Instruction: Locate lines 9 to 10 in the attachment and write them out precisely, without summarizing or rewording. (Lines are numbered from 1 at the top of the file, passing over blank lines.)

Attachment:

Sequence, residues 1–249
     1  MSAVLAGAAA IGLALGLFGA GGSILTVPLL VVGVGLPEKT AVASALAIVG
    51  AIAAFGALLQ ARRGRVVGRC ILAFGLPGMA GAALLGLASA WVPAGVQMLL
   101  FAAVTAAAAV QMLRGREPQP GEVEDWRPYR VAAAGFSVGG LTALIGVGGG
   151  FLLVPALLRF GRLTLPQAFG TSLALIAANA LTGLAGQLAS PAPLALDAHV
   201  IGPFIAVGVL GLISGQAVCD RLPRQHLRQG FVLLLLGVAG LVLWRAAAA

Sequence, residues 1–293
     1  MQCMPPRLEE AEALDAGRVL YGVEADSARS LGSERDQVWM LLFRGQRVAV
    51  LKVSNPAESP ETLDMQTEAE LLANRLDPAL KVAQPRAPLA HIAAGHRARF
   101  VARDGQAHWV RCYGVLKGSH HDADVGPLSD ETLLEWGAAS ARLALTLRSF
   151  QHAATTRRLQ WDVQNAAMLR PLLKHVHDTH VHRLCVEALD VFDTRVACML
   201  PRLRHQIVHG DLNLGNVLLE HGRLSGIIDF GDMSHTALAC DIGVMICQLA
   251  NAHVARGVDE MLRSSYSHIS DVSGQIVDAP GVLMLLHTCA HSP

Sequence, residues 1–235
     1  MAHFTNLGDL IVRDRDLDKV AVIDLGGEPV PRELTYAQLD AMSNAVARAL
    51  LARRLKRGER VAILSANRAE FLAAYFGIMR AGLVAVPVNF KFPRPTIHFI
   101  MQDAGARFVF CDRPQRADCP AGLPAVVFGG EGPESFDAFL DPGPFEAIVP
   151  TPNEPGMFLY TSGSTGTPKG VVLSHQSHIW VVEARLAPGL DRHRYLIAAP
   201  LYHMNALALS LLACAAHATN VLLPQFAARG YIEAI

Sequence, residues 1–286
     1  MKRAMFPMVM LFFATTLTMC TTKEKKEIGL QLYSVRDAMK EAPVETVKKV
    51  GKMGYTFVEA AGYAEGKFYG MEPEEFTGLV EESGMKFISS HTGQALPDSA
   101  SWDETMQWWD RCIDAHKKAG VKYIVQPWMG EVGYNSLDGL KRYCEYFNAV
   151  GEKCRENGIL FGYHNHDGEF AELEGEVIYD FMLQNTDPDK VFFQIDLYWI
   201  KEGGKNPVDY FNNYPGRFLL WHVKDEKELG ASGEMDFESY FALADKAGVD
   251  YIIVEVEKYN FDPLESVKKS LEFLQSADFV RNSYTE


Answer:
    51  LKVSNPAESP ETLDMQTEAE LLANRLDPAL KVAQPRAPLA HIAAGHRARF
   101  VARDGQAHWV RCYGVLKGSH HDADVGPLSD ETLLEWGAAS ARLALTLRSF